(Written by Jill Borowski, Saline High School Class of 2012)
An open letter to the parents and administrators of Saline Area Schools:
I will never forget sitting at the kitchen table one morning, eating breakfast, while my mother explained the term “intercourse” before sending me off on the bus to school. Later that day, I would hear a similar explanation from my male fifth grade teacher, and she wanted the information to come from someone I really trusted in order to minimize the shock. I remember thinking it was gross, not understanding why anyone would want to “do” intercourse. At ten years old, I was too young to grasp the concept of sex, and our introduction to sex education (which was more of an anatomy lesson than anything else) left me with more questions than answers.
Fast forward to freshman year of high school, and I can barely recall what I learned in health class. I don’t remember being told about teen pregnancy rates, the correct way to use a condom (or other forms of birth control), or even being lectured on abstinence. In fact, my only recollection of our sex education unit was learning about STDs by swapping water in paper Dixie cups with multiple classmates, then checking to see if our sample had been contaminated by a randomly placed “STD” cup. Spoiler alert: most of our samples reacted to the test chemical as is to be expected in a lesson on the dangers of sexually transmitted diseases. It was a unique activity that really got the point across to a classroom full of 14-year-olds.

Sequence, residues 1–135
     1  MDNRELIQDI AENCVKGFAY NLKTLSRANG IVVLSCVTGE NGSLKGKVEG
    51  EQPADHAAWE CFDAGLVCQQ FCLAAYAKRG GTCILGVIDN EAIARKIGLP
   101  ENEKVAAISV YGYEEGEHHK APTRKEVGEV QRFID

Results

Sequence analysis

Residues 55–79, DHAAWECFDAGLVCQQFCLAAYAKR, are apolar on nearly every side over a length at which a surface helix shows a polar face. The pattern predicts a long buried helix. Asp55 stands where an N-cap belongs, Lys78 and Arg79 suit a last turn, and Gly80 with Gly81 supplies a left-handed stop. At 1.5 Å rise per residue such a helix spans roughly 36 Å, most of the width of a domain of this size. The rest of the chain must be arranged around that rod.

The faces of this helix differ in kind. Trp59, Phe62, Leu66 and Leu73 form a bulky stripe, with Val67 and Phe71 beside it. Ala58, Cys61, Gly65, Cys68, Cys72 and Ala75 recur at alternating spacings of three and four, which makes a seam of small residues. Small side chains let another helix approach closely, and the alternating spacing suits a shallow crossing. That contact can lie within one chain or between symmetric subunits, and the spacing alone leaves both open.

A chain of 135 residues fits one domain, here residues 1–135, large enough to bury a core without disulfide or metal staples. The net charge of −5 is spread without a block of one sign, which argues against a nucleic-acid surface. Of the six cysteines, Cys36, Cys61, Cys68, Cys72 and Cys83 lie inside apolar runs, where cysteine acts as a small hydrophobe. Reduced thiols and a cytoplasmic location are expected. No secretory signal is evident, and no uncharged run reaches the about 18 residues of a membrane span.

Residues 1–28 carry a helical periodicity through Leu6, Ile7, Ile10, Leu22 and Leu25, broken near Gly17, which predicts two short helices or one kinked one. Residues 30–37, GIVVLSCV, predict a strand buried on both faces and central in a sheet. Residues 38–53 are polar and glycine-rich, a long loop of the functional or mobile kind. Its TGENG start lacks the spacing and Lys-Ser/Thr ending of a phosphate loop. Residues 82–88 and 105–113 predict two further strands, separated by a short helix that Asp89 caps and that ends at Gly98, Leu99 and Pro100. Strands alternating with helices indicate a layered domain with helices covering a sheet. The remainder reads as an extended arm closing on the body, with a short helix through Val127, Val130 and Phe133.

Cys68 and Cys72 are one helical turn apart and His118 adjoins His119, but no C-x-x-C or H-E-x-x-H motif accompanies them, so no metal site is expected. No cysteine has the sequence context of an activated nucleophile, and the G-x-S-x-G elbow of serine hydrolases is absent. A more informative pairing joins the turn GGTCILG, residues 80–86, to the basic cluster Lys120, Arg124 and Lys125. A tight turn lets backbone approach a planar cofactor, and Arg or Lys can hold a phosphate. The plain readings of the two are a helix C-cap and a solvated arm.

This is not to say the sexual education curriculum I experienced did not cover many of these issues; it means they were not impressionable, not interesting, and therefore, not effective. Plenty of my peers were having sex, including some of my friends, and what was taught in freshman health class wasn’t enough to change that. Maybe they zoned out while the teacher was talking; perhaps their parents never talked to them about intercourse. Or, they just chose to do it anyway. Sex is fun and exciting, and the media does nothing to make teenagers think otherwise.
It has come to my attention that there has been a recent push to implement abstinence-based sexual education in Saline Area Schools. A quick Google search of “abstinence-only education statistics” turns up dozens of results from credible sources with studies showing the “just say no” policy doesn’t lead to chaste behavior. In fact, since the beginning of government-funded abstinence-only programs, we've seen an increase in teenage pregnancy and STD rates in the United States. A study published by the Public Library of Science in its science and medicine-based research journal, PLOS ONE, compared state-by-state data on teen pregnancy and STD rates with their corresponding state-mandated policies on sexual education (with the exception of North Dakota and Wyoming).